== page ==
As anyone who read Hawkins' book knows, he argues in it that prediction is the essence of higher intelligence. The ability to predict the future by way of the human neocortex is what separates us from animals such as dogs and cats. The heart of the theory is that columns of neurons in our brains are continuously looking for patterns in the sensory data presented to them. Patterns that follow each other in time (sequences of patterns) are stored for later use. Predictive abilities rise in the brain due to its ability to recognize that it is in a sequence that it has seen before (i.e. when you are walking down the hall of your home, your brain predicts that you will shortly enter your kitchen). The second generation of HTM algorithms only implemented predictive capabilities in a very, very limited way. Presumably, the third generation of algorithms will allow for broad predictive capabilities in Numenta's software. Ahmad demonstrated one interesting prediction application using HTM. Working with a well known financial publication, Numenta stored thousands of sequences in its HTM hierarchy showing the click patterns for users of the publication's website. The idea was to see if the HTM software could predict what topic a user would click on next, given the history of which articles the user had previously clicked on. While random chance would provide less than 1% accuracy (there were nearly 200 topics to choose from), the software predicted with 45% accuracy which topics users would click on next. This is but one example of how HTM will allow for tremendously useful web traffic analysis.

Why a blog about HTM?

Of all the topics that one could write about, why write about a fairly obscure new machine learning technology known as hierarchical temporal memory (HTM)? The fact is, I have been interested in the idea of intelligent machines since I was a kid back in the 1980's. The idea of robots and computers that could think for themselves was fascinating to me. At the time, it seemed as though the idea of artificial intelligence was dead. I lost interest in technology for a very long time (roughly ten years from the early 90's until late 2004). One night, with nothing better to do, I went on the internet, and went looking for tech websites. I found that times had changed, somewhat. Robots were still lumbering zombies, but it still seemed as though significant progress was being made with getting computers to think for themselves.

At that time, I also heard about a new book by Jeff Hawkins (famous for the creation of the Palmpilot and Treo) called "On Intelligence." I did not read the book at the time (I was in the middle of law school with a wife and new baby so pleasure reading was not high on my list at that time). Yet, I heard that the book, a theory of brain intelligence and how computers could be built on similar principles, was well received even by many neuroscientists. I wondered if, perhaps, Mr. Hawkins was on to something better than the many failed AI experiments of the past. Hawkins himself alluded in his book to many of these failures dating back to the beginning of the computer age. About a year ago, I saw someone on a website mention Numenta, Hawkins' new company that was created to replicate in computers his brain theory set forth in "On Intelligence." This individual essentially said that Numenta had failed to deliver on Hawkins' promises. I decided to go back and read "On Intelligence."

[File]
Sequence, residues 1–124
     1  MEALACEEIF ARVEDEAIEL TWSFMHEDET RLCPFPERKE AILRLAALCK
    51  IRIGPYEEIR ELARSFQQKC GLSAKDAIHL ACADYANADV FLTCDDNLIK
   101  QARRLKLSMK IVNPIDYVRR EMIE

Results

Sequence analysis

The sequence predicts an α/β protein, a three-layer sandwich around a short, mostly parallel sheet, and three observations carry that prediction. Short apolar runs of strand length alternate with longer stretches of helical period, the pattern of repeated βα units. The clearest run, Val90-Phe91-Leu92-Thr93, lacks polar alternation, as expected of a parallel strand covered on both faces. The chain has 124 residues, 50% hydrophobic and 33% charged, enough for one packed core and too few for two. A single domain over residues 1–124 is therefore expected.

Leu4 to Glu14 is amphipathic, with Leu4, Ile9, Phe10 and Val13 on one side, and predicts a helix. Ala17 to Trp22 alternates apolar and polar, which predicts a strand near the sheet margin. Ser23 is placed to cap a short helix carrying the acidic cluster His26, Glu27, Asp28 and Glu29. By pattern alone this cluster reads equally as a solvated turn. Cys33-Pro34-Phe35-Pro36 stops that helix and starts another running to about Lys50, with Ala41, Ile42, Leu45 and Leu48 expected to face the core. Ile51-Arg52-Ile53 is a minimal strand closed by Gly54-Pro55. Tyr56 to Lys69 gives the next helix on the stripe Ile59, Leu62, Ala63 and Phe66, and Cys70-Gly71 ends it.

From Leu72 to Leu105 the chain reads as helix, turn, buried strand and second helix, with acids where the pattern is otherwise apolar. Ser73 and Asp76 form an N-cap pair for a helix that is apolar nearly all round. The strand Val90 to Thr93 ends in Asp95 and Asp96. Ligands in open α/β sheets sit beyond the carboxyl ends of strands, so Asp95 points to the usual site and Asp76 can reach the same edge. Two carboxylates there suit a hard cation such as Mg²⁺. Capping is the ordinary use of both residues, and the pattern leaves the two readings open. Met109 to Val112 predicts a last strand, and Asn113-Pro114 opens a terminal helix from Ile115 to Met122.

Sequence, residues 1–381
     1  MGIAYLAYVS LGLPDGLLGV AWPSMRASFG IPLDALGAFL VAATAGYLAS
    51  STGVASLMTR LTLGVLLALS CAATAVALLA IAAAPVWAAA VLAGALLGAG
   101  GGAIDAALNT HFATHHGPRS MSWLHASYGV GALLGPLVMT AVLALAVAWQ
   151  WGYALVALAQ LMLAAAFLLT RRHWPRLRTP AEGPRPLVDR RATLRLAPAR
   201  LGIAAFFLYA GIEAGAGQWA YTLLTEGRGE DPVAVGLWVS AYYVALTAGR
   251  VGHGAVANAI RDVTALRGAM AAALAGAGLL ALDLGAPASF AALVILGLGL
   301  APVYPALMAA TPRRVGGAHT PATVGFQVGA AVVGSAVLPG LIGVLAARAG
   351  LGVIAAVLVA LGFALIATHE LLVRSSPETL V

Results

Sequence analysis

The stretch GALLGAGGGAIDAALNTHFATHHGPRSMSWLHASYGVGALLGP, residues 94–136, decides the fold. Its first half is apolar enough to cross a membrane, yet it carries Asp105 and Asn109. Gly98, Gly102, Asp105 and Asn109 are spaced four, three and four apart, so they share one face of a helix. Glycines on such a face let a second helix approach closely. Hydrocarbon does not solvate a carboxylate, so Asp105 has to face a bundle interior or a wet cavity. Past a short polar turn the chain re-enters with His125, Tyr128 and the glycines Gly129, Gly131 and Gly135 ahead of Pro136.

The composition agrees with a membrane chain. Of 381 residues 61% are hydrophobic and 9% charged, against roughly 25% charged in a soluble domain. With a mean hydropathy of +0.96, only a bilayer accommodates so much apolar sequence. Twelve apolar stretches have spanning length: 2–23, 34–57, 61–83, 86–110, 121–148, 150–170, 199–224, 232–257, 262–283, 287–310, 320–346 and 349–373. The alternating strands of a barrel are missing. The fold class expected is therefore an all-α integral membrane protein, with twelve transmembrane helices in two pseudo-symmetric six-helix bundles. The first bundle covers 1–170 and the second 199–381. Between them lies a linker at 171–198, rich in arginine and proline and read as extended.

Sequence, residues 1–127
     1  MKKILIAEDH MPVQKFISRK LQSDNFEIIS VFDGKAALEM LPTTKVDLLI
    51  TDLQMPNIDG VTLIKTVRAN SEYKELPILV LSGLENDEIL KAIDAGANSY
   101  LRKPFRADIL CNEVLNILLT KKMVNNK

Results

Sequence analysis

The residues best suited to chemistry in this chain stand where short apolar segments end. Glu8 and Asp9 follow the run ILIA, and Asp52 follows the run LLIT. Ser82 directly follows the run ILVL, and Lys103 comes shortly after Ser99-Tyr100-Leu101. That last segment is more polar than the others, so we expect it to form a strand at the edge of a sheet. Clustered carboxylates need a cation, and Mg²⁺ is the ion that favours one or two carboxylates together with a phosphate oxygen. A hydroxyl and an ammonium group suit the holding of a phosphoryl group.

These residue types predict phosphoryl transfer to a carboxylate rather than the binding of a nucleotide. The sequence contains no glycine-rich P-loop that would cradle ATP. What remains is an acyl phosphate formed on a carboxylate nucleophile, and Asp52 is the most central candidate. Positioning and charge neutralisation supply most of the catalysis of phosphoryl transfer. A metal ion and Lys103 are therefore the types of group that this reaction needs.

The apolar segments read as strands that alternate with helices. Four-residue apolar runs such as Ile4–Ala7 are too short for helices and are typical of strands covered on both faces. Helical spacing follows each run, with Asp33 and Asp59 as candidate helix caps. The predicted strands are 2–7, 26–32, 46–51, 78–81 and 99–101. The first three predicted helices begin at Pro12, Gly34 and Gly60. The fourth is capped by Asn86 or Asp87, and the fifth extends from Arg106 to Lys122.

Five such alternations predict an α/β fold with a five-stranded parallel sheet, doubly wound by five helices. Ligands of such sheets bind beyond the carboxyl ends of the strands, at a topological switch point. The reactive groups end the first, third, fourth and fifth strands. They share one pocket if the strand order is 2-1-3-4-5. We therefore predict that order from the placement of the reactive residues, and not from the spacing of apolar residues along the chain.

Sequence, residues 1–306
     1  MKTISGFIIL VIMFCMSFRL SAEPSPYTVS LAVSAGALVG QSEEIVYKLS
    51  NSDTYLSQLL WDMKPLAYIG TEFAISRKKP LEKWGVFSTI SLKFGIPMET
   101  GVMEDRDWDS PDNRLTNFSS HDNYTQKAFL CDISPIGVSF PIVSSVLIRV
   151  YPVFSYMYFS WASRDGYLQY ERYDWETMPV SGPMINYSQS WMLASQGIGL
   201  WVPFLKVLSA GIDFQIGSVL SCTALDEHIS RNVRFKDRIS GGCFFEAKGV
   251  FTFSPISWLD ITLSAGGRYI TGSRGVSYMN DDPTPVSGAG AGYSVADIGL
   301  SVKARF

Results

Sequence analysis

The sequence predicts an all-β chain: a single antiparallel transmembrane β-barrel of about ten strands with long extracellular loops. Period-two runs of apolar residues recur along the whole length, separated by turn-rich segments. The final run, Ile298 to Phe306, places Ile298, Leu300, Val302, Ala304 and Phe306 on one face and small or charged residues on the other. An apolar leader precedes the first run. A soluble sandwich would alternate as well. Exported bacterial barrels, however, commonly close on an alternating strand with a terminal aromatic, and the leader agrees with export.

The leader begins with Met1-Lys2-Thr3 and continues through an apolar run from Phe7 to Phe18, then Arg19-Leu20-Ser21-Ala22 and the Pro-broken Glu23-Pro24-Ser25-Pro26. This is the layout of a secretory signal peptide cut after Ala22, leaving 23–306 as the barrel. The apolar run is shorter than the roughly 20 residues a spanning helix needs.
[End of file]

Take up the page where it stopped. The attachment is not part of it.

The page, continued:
I now have a wife and three small children, but my daily train commute allows for plenty of pleasure reading. Early this year, I finally sat down and read the book, and was blown away by it. In my mind, Hawkins brilliantly explained why the field of artificial intelligence has largely failed in its goal of implementing any degree of general intelligence in computers. Further, he made a plausible case that it wouldn't be terribly difficult to begin to implement his theory into hardware and software. I wondered whether the person mentioned above was correct in his assessment that Numenta was largely a failure. I found quite the contrary. Numenta has made steady progress since its founding in early 2005 toward its ultimate goal of creating a brain-like computer. I will try to discuss some of this progress here in this blog.

I want to make a disclaimer. I am not an engineer, computer scientist, or neuroscientist by trade, so this blog will definitely be less technical than what you might see from other tech blogs. While I am interested at some level in the nuts and bolts of Numenta's technology, my knowledge certainly does not extend to the mathematical theory behind HTM.

My blog is meant simply to be a repository for any news about HTM and Numenta. There are many interesting news articles and videos on the topic dating back several years, but they are spread across the entire web. Numenta's website is a good start, but there is so much more out there.